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The Illustrated Tone Scale

The illustrated Tone Scale on this page shows you some of the most important tone levels that you will find in people. It goes from the emotional tone of serenity (a calm, peaceful state we can also call Happiness) at the very top down through Enthusiasm, Boredom, Antagonism, Anger, Fear, Grief and Apathy. Below that a person can be in the emotional tone of Body Death (he acts like he is actually dead or could actually be unconscious).

You can use the Tone Scale to spot the emotional tone level of people that you live and work with, as well as anyone you are in contact with at any time.

Being able to spot and know what tone level a person is in—either at that tone level for a brief period of time or always in that tone level—can help you predict how that person will behave when you communicate to him or interact with him.

Use this scale to learn how to quickly and accurately spot the tone level of people around you.


The tones of the Emotional Tone Scale are very exact. Every person on Earth is somewhere on the Emotional Tone Scale and he moves up and down the scale following its exact pattern. People always come up or go down through these tones, one after the other.

The emotional tones are also called the tones of affinity. Affinity means love or liking, and it is used here as the idea of how much you like or dislike someone or something. You can easily see this if you take someone who is at the top of the scale. Someone in happiness has a lot of love or liking for other people. But a man in anger does not have much love or liking for anyone.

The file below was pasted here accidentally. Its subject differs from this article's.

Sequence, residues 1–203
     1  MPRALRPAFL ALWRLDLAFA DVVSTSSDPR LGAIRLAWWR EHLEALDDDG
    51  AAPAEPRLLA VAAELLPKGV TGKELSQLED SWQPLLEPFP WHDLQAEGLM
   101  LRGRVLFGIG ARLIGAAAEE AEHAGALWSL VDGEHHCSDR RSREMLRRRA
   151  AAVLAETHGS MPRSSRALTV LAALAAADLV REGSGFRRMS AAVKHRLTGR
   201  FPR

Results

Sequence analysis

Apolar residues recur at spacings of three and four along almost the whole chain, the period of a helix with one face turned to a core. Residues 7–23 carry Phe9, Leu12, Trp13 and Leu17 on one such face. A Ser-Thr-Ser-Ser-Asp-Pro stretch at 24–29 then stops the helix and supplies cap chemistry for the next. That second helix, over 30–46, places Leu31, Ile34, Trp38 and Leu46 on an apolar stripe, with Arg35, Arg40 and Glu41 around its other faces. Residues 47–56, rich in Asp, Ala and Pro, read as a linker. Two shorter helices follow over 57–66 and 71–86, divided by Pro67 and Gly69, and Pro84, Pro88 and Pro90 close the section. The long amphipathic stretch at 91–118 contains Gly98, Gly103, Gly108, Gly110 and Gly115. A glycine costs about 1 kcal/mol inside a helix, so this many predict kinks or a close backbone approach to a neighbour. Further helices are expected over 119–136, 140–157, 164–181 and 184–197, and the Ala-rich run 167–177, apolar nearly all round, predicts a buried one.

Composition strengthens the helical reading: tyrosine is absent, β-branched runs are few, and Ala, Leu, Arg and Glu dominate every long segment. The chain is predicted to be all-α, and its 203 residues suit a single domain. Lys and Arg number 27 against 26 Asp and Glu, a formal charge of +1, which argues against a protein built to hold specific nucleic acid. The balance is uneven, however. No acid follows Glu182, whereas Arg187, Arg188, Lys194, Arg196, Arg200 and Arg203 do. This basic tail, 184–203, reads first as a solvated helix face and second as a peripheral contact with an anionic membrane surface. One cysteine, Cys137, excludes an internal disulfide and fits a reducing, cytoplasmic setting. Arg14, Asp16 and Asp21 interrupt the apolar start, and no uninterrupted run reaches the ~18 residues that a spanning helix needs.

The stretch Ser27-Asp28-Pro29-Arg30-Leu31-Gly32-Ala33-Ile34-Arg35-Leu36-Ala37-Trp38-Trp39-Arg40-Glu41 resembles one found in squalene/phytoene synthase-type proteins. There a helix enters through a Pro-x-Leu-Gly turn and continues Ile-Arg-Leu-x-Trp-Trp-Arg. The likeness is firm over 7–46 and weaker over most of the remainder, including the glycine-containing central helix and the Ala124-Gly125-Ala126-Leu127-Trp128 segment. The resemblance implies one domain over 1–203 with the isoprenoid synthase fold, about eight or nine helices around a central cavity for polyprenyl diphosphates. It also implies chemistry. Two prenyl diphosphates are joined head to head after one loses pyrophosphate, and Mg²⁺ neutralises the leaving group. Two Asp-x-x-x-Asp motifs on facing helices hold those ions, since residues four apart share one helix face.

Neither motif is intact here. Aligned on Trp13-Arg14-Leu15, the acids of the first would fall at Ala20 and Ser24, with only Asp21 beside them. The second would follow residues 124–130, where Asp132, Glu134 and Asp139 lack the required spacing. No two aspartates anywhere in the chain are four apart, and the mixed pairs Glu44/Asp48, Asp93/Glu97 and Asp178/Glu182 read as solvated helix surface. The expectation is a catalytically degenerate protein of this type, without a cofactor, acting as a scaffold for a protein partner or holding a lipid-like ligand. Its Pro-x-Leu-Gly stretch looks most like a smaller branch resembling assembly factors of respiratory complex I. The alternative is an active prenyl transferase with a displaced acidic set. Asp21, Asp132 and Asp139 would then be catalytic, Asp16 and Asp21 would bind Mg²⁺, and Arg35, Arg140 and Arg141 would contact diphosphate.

Going from the top to the bottom of the Tone Scale, a person moves through the following levels:

  • FEAR

There are many small stops between these tones, but anyone knowing anything about people should definitely know these emotions.

When a person in apathy improves his tone, he feels grief.

When a person in grief improves his tone, he feels fear.

When a person in fear improves his tone, he feels anger.

When a person in anger improves his tone, he feels antagonism.

When a person in antagonism improves his tone, he feels boredom.

When a person in boredom improves his tone, he feels enthusiasm.

When a person in enthusiasm improves his tone, he feels serenity—or happiness.

People can be in any tone continuously over a long period of time—grief, fear, anger, antagonism, boredom or even enthusiasm.

Just as we have the Tone Scale covering the subject of affinity, we also have one for communication. On the level of each of the emotions, we have a communication factor.